Flat feet have carried a stigma in the past, although many people have them without even realizing it. There are three types of stances that appear in feet, and these stances can change when standing: pes planus (flat foot), neutral, and pes cavus (high arches). Each foot type has its own type of care that can keep them from causing you any kind of pain, and even perfectly arched feet can benefit from preservative care.
Flat feet can be deceiving, because the arch of your foot changes when you are weight bearing. This means that even if your feet look like they have an arch when you’re sitting, the bones in your feet can collapse when you stand, causing the bones to rub against each other and the tendons in your foot to stretch quickly and more than necessary. This can lead to arthritis in the joints in your foot, tendonitis in your ankle, and/or plantar fasciitis in the bottom of your foot.
Alternately, high arched feet have are composed as a more rigid structure, with an angle higher than that of the neutral arch. This can be compensated for with custom inserts or padding, preventing pressure injuries on the ball or heel of your foot.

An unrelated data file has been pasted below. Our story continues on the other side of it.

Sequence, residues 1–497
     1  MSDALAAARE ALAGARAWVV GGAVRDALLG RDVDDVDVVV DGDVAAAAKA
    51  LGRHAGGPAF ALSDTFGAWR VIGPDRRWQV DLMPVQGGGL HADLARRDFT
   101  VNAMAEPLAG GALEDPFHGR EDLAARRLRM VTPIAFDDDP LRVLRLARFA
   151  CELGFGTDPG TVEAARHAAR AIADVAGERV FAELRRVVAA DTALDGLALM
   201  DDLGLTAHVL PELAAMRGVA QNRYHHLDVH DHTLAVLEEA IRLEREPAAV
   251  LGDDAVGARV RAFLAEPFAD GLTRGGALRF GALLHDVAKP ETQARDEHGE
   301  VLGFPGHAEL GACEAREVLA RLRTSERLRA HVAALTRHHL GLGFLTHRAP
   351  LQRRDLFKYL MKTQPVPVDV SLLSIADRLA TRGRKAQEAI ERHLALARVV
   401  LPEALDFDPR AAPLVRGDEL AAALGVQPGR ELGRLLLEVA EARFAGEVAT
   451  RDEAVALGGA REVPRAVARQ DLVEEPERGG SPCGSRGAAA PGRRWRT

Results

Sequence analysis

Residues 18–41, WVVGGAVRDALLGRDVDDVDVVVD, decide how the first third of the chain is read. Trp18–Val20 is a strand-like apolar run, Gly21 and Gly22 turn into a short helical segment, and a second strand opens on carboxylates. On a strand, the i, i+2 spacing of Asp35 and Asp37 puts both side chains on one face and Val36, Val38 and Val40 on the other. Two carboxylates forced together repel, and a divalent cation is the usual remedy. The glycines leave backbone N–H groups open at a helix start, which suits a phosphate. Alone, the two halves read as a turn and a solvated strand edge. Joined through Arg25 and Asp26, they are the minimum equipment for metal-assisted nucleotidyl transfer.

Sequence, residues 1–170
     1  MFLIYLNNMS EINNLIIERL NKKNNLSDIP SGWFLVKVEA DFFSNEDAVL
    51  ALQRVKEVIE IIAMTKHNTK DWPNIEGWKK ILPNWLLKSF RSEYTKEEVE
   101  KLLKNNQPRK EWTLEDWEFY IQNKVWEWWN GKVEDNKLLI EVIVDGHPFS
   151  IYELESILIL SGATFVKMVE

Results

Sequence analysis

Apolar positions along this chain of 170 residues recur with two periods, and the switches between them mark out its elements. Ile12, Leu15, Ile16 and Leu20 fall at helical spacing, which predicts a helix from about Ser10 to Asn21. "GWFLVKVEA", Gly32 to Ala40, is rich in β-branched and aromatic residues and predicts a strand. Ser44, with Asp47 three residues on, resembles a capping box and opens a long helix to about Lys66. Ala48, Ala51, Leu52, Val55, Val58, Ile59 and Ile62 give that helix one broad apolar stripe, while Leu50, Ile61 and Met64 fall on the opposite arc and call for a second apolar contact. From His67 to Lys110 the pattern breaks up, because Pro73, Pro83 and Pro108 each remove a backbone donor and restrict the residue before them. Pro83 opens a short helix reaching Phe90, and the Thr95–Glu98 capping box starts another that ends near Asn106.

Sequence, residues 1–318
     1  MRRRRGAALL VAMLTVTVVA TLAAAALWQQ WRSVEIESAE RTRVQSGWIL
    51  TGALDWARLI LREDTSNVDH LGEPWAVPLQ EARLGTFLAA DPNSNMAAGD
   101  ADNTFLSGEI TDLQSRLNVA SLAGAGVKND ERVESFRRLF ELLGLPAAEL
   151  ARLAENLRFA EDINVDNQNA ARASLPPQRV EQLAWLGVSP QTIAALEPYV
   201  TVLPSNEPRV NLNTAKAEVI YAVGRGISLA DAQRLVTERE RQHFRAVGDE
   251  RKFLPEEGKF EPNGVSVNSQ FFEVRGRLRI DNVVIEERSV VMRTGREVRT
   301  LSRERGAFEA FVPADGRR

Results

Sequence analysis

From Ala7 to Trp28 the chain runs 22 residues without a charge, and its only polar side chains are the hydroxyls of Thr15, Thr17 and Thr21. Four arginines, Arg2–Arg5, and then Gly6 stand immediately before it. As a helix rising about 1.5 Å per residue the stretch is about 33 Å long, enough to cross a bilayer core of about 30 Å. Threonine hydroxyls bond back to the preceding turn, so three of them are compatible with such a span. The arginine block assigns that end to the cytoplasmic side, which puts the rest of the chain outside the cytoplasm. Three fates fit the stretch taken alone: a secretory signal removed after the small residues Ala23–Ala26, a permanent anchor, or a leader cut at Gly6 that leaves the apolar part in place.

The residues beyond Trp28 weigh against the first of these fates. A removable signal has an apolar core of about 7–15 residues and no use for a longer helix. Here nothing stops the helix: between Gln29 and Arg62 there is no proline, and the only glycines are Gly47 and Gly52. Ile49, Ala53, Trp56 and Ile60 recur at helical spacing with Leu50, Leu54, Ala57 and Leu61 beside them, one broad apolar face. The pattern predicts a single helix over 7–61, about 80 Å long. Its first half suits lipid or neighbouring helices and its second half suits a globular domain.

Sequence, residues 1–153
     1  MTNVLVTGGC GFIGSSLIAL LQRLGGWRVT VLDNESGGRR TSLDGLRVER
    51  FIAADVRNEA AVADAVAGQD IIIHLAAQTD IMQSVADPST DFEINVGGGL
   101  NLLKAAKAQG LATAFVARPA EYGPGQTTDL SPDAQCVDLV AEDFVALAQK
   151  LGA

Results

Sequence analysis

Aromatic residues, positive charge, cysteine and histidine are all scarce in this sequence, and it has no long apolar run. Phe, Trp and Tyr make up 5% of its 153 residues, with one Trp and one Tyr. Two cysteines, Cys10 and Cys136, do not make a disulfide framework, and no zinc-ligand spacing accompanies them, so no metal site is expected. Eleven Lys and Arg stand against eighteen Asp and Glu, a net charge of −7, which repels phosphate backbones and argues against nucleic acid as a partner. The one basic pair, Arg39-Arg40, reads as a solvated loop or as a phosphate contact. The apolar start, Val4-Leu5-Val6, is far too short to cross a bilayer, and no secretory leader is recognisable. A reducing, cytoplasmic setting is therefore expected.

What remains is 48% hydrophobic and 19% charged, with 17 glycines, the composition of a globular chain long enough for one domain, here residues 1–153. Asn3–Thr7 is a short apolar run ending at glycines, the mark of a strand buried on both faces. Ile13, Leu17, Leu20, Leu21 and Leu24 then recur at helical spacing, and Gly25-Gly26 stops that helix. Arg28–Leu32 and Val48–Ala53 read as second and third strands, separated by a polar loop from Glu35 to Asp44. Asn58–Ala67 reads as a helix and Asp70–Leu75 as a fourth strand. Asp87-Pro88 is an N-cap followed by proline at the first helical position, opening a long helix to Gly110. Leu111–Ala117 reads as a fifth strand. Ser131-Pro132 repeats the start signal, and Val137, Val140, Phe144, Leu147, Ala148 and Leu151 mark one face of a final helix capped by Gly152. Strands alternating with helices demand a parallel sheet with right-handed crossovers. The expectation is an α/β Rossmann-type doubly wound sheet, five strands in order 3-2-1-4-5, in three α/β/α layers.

While high arched feet can cause issues, it is more likely that flat feet could be the root of foot pain, many of which you feel primarily in your heel or the arch of your foot. Without the proper supports, flat feet can even change the alignment of your hips and lower legs. It may feel uncomfortable at first, but rigid arch supports are the best for this foot type.
To test the rigidity of the orthotics, simply bend the orthotic at the arch using your hands. If the insert folds in half, especially if it is very easy for you to fold it, the arch is not rigid enough and you should look for another insert. While such a hard insert may seem counterintuitive, the soft inserts are of no use to provide support, leaving your foot to work overtime on its own. The overworking of the tendons and ligaments would be what is causing your foot pain in the first place.
We offer different types of supports in our office, ranging from braces that extend up the ankle to provide extra stability, to simple inserts that can be placed in the sole of the shoe, never to be seen when the shoes are on. Custom orthotics are covered by many insurances, and are made to match your foot using casting material or a digital scanner to notate the shape and depth of all areas of your foot. If your insurance does not cover custom orthotics, or if you are hesitant to try them, we also offer many different forms of semi-custom inserts, all of which feature a rigid arch support and will become shaped to your foot with recurrent wear. Make an appointment with our office today to have your foot evaluated to see if you would benefit from supports in your life.